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'Wine crawl' to help downtown Libertyville
By Lee A. Litas | Daily Herald Columnist
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Published: 2/17/2009 12:01 AM

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On Saturday, Feb. 21, MainStreet Libertyville, the volunteer-based organization dedicated to this northern suburb's preservation and economic development, will transform it into a virtual pub-crawl when it holds its fourth annual "Let's Wine About Winter!" tour.

Mainstreet's Executive Director Randy Nelson, describes it as a progressive wine tasting and art festival in which people can stroll from store to store in historic downtown Libertyville, sampling various wines and refreshments and viewing exhibits by local artists, as well as the wares of the host retailers.

"We want folks to visit our stores and expect big crowds this year," said Nelson. The attendance has increased steadily over the past four years with last year's being the largest at more than 800 attendees.

Of course, with safety first, concerns about possible DUIs have caused MainStreet to create one ounce pour spouts which they give the merchants along with very specific instructions on limiting the amount of alcohol.

"We would like for this to be fun as opposed to something dangerous," explained Nelson.

The only cost is the purchase of a $5 commemorative etched wine glass at the very first store which then serves as your ticket to sample additional wines at any of the 31 participating retailers.

Kristine Knutson, proprietor of How Impressive!, a high-end personalized stationary and gifts store, said her customers call it trick-or-treating for adults. Knutson is having a representative from Café Pyrenees, a Libertyville-based French-Spanish restaurant that specializes in wines, bring in an assortment of six to eight different spirits for the tasting.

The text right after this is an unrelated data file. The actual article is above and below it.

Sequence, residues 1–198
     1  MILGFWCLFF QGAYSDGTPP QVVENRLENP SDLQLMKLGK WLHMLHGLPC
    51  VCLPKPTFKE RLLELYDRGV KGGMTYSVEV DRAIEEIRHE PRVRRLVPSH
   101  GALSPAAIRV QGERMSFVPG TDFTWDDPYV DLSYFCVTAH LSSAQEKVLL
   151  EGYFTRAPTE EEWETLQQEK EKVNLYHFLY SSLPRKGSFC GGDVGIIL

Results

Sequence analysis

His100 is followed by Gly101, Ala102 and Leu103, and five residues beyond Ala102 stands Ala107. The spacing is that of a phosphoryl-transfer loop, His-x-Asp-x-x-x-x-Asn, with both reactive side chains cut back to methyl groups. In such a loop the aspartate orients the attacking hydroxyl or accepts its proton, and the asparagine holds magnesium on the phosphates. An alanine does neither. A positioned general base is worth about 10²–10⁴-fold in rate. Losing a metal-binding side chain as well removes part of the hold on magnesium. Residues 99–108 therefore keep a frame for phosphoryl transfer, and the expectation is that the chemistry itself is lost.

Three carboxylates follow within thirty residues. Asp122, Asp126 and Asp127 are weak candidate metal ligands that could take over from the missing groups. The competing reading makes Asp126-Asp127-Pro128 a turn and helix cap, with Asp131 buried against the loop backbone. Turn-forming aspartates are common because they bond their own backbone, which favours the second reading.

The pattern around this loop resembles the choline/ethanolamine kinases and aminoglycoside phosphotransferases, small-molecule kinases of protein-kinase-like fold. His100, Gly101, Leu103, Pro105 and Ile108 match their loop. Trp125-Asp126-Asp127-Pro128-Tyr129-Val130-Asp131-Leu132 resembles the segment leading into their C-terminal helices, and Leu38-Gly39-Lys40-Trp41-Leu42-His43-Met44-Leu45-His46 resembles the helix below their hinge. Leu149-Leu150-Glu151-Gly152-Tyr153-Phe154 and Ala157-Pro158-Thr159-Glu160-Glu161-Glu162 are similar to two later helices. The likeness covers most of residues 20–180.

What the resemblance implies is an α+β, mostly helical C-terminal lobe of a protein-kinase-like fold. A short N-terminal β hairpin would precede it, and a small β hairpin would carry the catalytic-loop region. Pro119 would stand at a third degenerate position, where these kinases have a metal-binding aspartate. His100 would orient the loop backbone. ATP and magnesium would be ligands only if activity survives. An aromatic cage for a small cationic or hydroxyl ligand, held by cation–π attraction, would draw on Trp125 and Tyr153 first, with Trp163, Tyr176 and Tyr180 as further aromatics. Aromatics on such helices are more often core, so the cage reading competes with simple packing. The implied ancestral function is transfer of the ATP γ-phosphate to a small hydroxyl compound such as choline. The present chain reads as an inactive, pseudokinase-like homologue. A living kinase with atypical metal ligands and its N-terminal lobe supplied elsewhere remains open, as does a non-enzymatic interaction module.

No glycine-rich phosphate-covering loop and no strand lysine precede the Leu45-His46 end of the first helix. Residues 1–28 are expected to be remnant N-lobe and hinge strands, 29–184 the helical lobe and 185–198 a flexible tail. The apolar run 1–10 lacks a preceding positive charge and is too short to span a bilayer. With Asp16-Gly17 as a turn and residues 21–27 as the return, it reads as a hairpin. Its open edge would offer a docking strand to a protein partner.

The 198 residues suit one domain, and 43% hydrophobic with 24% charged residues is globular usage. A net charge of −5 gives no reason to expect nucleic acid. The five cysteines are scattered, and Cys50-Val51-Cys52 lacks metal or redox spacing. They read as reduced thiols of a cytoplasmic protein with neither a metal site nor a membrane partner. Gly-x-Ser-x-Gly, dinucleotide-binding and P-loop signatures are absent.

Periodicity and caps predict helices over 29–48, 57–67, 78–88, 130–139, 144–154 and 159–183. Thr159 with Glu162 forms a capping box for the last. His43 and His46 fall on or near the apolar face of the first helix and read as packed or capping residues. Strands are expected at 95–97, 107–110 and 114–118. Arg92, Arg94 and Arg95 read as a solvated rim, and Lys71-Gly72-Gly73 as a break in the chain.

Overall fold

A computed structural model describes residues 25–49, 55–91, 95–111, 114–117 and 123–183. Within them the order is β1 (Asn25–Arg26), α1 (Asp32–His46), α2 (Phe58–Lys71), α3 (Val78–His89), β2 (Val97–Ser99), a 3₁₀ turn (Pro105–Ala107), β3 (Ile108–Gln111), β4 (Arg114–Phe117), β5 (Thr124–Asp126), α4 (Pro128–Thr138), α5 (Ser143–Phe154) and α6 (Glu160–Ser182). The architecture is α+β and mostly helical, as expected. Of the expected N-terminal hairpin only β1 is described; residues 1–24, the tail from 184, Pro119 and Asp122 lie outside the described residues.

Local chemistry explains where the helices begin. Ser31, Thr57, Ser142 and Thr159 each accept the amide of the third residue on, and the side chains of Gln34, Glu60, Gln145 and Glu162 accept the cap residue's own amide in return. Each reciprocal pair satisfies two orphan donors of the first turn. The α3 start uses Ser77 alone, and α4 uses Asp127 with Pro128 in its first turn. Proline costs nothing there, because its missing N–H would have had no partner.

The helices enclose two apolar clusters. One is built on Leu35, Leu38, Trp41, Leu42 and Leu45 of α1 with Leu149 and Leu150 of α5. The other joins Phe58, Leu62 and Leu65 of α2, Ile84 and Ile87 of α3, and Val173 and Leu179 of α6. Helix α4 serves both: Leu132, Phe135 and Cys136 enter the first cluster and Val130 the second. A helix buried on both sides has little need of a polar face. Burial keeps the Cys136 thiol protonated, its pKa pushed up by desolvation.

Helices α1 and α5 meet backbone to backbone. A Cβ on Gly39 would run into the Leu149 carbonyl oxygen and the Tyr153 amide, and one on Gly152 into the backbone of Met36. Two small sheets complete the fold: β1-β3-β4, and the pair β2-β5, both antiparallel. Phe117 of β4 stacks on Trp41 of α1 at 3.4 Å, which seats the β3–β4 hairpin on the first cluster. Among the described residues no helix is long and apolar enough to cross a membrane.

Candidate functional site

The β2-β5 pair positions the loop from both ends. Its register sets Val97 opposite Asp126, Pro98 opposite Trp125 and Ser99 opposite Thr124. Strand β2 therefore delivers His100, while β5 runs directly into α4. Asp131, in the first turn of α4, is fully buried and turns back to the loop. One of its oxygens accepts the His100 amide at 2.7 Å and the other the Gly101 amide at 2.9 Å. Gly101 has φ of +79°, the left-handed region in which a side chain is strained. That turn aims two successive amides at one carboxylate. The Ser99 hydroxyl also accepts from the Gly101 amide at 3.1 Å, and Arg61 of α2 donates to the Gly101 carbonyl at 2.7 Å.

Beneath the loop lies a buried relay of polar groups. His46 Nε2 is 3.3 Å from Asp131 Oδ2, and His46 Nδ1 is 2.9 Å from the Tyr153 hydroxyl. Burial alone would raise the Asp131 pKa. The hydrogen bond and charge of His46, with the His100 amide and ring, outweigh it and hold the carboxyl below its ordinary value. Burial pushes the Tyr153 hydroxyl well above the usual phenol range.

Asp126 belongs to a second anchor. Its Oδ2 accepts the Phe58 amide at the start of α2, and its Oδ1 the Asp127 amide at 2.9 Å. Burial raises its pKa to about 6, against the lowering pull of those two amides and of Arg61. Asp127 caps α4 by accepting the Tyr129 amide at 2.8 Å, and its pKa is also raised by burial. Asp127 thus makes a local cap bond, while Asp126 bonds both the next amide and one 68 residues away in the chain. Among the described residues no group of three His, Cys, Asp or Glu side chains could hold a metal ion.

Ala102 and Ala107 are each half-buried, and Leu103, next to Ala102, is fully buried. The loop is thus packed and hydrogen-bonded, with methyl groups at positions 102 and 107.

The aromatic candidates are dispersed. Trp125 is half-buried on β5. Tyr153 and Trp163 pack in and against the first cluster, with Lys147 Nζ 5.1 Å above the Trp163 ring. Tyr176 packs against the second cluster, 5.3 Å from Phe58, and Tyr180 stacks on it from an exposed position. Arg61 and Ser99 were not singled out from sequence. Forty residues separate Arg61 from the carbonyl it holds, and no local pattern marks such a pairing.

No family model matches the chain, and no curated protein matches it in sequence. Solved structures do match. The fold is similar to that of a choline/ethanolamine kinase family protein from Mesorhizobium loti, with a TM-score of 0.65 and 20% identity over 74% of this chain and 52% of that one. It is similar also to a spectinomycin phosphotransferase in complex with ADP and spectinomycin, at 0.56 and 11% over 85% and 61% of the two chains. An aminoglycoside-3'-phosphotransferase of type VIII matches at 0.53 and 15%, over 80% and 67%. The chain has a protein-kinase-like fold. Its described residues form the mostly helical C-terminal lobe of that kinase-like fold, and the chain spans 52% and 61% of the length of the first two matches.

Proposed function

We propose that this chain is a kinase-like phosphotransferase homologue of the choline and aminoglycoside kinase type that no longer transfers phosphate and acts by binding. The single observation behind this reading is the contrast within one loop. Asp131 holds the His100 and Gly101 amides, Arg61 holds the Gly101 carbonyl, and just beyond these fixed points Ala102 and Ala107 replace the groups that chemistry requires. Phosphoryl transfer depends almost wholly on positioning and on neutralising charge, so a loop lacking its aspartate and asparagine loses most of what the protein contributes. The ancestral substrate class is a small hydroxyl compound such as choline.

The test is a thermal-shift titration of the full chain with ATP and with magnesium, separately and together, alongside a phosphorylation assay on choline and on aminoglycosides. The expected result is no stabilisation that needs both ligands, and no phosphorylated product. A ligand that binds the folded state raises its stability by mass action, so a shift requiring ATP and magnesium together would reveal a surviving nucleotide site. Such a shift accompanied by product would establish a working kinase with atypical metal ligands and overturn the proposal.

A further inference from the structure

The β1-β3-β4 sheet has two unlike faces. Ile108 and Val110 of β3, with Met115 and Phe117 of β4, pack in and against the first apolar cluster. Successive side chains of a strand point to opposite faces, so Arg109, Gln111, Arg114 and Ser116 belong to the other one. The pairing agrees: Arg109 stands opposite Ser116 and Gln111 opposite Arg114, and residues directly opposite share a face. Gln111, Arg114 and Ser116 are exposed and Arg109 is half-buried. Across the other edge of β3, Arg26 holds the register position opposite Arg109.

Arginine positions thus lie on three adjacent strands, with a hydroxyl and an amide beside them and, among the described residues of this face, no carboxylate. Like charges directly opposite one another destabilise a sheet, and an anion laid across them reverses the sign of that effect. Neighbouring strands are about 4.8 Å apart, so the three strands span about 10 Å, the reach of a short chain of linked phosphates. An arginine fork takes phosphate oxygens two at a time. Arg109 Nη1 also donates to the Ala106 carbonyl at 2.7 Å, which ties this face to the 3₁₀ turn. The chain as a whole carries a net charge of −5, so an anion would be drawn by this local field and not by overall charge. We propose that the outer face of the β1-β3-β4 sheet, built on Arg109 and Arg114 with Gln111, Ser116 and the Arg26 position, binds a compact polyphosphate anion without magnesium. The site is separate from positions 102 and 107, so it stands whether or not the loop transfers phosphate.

Knutson has been participating in the event since inception, much like Pam Lockowitz, proprietor of the Rocky Mountain Chocolate Factory, who calls it a great event that is equally as fun for the participants as it is the merchants. "Come, get out of the house and enjoy the wine, the art and what the merchants have to offer," said Lockowitz.

The event strives to be a tactile as well as an aesthetic experience through the combination of art, wine and merchandise. MainStreet tries to pair the artists' medium to the flavor of the stores.

"So we don't put a jewelry artist into Mickey Finn's, for example," explained Nelson; but they would put, say, a wall hanging artist into a furniture store.

"The main thing is that we want to get people into downtown Libertyville and open their eyes to the stores here. This is very important for Lake County now, and it is especially important for new businesses that we would like to introduce to the residents," said Nelson.

It's no secret that the emphasis is on a boost to the local economy. Last year's numbers showed an average 10 percent decline in sales, which Nelson believes to be based mainly on state of mind. "I think we, in general, have done better than the rest of the country primarily because we have some unique boutiques, restaurants and things that you just can't find anywhere else except in downtown Libertyville," said Nelson.

With January numbers already on the rise, this shopping as entertainment event could be a nice break in the march of these dreary months, according to local artist, Wendy Zumpano, of Gurnee. She describes her art as a celebration of relationships which she creates by combining likenesses from multiple sources into one image she depicts in pencil. This year, she has been paired with Trattoria Pomigliano, a family oriented restaurant.

"Families are my sweet spot and I love to see people laughing, and enjoying art and getting inspired," said Zumpano.

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